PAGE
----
Matthew Strother firstname.lastname@example.org
February 25, 2014
The LaGrange Academy team was feeling deja vu on Monday when it took the championship for the annual CLCP Spelling Bee for the second year in a row.
To Bee or Not to Bee team members Jack Bagley, Teresa Krizay and Beth Tures narrowly defeated the Mad Scientist team from LaGrange Memorial Library in a spell off, getting three of five words correct.
“I feel great,” said Krizay after the win. “This is two years in a row for Beth and I. … I’m always just excited to not be the first group down.”
Bagley competed on a different team last year, but this is also his second win, having competed on a winning team two years ago.
“I’m glad to help bring it home to the academy,” he said.
The team was one of four left when another team passed it the word staphylococci – teams gets at least one pass to give an assigned word to another team, which that team has to answer – but the Academy members spelled it to the awe of the crowd. They then successfully spelled their assigned word, kamikaze.
After the Twin Cedars team failed to spell soubrette, the Academy team knocked out the Word Nerdz of West Georgia Health by passing them the word vivisepulture, putting the Academy team into the spell off and securing its win.
The annual spelling bee, in its 16th year, was held by the Troup County Certified Literate Community Program and hosted by West Georgia Tech in the Callaway Conference Center.
Carol Cain marked her 15th year as the “Bee Bouncer,” comically ushering the losing teams off stage. This year, she drew on the American Film Institute’s 100 top movie quotes as her inspirations with comic twists on movies like “A Few Good Men” with “You want the truth? You want the truth? You can’t spell!” and “A League of their Own” with “There’s no crying in spelling!”
Jack Morman hosted, returning as “emBee,” and Renae Willis was pronouncer for the evening.
Proceeds from the event go toward GED scholarships in the community. Debbie Burdette, executive director of Troup CLCP, told the attendees at Monday’s event that there are many programs in place now because of the contributions made from programs like the spelling bee.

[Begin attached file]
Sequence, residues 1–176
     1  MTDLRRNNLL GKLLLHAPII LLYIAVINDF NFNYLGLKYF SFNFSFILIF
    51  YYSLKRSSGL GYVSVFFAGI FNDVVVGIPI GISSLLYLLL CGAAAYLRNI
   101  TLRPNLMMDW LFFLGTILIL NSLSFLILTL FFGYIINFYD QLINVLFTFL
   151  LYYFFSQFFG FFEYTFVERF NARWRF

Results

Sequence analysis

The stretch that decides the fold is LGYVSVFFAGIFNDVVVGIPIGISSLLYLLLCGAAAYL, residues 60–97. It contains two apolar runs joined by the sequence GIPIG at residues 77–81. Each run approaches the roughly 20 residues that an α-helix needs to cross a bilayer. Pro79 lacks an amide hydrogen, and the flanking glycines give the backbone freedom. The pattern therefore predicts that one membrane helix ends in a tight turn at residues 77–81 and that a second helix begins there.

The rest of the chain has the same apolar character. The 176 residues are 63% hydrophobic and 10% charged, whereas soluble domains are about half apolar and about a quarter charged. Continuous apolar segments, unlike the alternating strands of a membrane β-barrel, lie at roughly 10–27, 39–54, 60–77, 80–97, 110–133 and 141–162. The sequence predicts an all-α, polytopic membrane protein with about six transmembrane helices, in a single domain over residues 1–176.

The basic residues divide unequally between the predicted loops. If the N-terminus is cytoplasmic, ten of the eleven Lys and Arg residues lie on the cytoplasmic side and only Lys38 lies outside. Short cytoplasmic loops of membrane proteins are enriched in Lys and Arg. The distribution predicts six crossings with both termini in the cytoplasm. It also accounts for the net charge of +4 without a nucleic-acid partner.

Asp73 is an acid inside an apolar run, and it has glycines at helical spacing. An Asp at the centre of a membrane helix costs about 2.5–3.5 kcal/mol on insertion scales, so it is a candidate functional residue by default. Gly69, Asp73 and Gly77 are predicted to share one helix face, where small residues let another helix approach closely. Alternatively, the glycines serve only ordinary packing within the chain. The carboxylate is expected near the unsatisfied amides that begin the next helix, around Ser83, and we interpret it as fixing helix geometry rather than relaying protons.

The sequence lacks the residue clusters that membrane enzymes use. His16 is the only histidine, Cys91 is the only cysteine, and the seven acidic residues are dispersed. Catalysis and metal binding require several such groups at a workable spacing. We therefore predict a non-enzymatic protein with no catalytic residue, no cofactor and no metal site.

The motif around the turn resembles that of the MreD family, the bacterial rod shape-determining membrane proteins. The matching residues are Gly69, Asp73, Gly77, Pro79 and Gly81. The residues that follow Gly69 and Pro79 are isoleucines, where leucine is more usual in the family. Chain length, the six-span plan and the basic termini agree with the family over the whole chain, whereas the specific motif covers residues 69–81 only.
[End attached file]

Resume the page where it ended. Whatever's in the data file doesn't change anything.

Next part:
“We’re so glad that because of events like this we are able to offer scholarships like this one” for the GED program, she said.
One of the students who recently obtained his GED through the program and received a scholarship told the group that he was “a little rusty” when he started classes, since it had been 10 years since he was in school. Through hard work and the support of the GED program, he was able to achieve a scholarship, take the tests and pass on his first attempt. This is allowing him a second chance at his education, which he admitted he didn’t take seriously when he first was in school, and encouraged young attendees to take their current education seriously.
After the spelling bee, Burdette said she felt the event went great, with more people attending this year than last.
“We can always take more,” she said.
She thanked the CLCP board, organizers, all those who have supported the event, like the teams and sponsors. Winning team LaGrange Academy was sponsored by Batson Cook. Other teams participating this year were West Georgia Technical College, West Georgia Health, Twin Cedars, Troup County Medical Society, LaGrange College sponsored by Smith Design Group, Kelsey Advertising & Design, LaGrange Memorial Library sponsored by JSL Sustainers, Troup High School sponsored by Jindal Films, Emory Clark Holder Clinic, CharterBank and LaGrange High School sponsored by CB&T.